You abruptly stop reading mid-sentence and give a little jolt. Another capitalized “The” mid-sentence? You go back to reread it, but yet again, “the” is back to lowercase letters. For a moment you just stare at it in silence. Again? A third time? Surely it’s just your tired mind playing tricks, right? Yet you stop yourself mid-thought and shake your head. No, it’s not alright. There’s something wrong here, something really, really wrong. Three times feels like too many to just blame on a tired mind.

You start to close the book, but then find yourself hesitating. There are only a few pages left, you think off-handedly, and this IS the big climax. Hesitating, you then slowly reopen it and locate where you’d left off on the page.

You continue reading but do so more slowly now, scrutinizing every word. As you continue you can’t help noticing more capitalized “The”’s, but you will yourself to ignore them and just enjoy the climax. You find yourself pulled into the world with the heroine as she confronts her adversary, her voice calm and cold as her rage slowly builds up in the back of her mind.

Her rage slowly grows with each word, her vision becoming redder and redder until finally… she snaps. She screams at The top of her lungs, tears flying behind her unnoticed. It is a wordless scream, with no words or sentences, but just a single syllable of the rawest rage she had ever experienced. It’s enough to make The man wince, taking a single step backwards, and she matches him with a step forward. ‘Die!’ she screams, and lunges at him, the pure rage in her voice and movements leaving The once-formidable man too shocked to think, let alone move. By The time he regains his train of thought and his brain screams ‘Run!’, it’s too late. She tackles him to the ground, The sun silhouetting her form and casting her face in shadows. Light streams through her hair, giving it The appearance of blazing flames as large and powerful as The—

You abruptly stop reading in complete frustration. As hard as you try to ignore all of the capitalized “The”’s, you just can’t, even when you’re so engrossed in the story. You reread the entire page, focusing on every single word, looking for a single error, a single misspelling, a single capitalization where it doesn’t belong. Of course, though, you don’t find any mistakes.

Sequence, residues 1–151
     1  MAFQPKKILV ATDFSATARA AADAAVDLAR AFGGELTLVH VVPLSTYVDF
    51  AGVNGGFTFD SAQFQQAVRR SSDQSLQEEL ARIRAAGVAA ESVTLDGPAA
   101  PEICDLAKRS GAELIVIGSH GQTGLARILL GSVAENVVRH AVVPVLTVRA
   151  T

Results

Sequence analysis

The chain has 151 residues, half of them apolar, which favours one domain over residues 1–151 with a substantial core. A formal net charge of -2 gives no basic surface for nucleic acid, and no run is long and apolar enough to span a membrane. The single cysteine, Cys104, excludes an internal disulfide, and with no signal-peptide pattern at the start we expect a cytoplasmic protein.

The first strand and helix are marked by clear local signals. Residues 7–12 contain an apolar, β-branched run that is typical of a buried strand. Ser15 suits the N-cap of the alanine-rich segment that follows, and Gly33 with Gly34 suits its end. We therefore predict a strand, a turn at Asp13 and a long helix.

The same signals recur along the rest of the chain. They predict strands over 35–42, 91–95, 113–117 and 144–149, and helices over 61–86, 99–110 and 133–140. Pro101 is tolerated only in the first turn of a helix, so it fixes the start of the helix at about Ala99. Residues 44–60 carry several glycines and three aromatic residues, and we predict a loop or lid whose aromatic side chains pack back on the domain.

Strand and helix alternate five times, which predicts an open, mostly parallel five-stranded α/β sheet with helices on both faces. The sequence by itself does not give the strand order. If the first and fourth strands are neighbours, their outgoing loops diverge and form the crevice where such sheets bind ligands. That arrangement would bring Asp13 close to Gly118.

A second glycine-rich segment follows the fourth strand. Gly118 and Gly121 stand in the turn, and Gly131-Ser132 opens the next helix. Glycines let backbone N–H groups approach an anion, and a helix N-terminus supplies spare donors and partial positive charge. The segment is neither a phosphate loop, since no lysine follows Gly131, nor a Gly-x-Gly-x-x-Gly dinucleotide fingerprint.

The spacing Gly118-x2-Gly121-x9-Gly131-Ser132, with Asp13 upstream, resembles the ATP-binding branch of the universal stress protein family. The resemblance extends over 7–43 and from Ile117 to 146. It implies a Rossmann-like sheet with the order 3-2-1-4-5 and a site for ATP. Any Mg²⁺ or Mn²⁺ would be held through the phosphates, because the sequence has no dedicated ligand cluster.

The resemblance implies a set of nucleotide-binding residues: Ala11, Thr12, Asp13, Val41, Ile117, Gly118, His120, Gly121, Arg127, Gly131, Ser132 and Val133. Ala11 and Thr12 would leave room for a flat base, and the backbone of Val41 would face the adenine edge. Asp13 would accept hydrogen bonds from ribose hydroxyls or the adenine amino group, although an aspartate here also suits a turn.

You’re looking at the book more warily now. This can’t just be your tired mind playing tricks. It’s happened too many times to keep playing that card. There’s something else going on here, something that you can’t understand. And something tells you that the book is to blame. Your gut is warning you to stop reading right now and go to sleep, and to finish it in the morning.

And yet, you are still hesitant.

You’re already 456 pages into the story. You’ve had plenty of time to become attached to the characters and fall in love with the setting. You want to know how the story ends, and you won’t be able to stand it if you don’t find out. The temptation is too strong, so you start reading again. However, this time you just skim it, wanting to find out the resolution as quickly as possible so you can then close the book once and for all.

She bared her teeth as she hissed at him … cowered in fear … raised The dagger above her head … let it fall, clinking against The ground … spat in his face … on The … after The … but The … and The… The… The… The…

The word “the” is capitalized in every appearance now, your brain screaming at you to notice with each appearance. Every time you see it you automatically reread it, but it’s always back to normal the second time around. It’s such a dull word, usually barely registering in your mind, but for once it’s becoming the only word you can see. Even so, you try to ignore it and keep reading, but before long it’s literally the only word you notice.

Feeling frustrated, you drop the still-open book on your lap and groan. Only a few more pages, you tell yourself. Get it together. You’ve waited so long to get this book, going to the library only to find it already checked out again and again every time, and you’re so close to the resolution. You’ve come too far to stop now. If you put it down now, you won’t be able to sleep without knowing how it ends. You can’t let a few unusual disappearing capitalizations stop you now, dang it!

Determined to finish the book, you return to the beginning of the section to start over again, willing yourself to be completely immersed inside the world once more.

She glared down at him, her emerald green eyes cold and filled with fury. Her brown hair seems to float as the wind blows past her, her ribbon whipping rapidly–

Again you abruptly stop reading, but this time it’s not because of a capitalized “the”.

This time, the entire description seems wrong.

Brown hair? Green eyes? The heroine had red hair and golden hazel eyes, to represent fire or… something, but that wasn’t the point! You close your eyes and try to visualize the main character once more as she originally appeared, with that beautiful and fiery appearance just as fierce as her determination.

Instead you see a girl with brown hair pulled into a ponytail with a green ribbon, wearing a green sweater vest over a white shirt and blue plaid skirt. She looks at you with a gentle smile, her glasses seeming to magnify the almost unnatural emerald color of her eyes.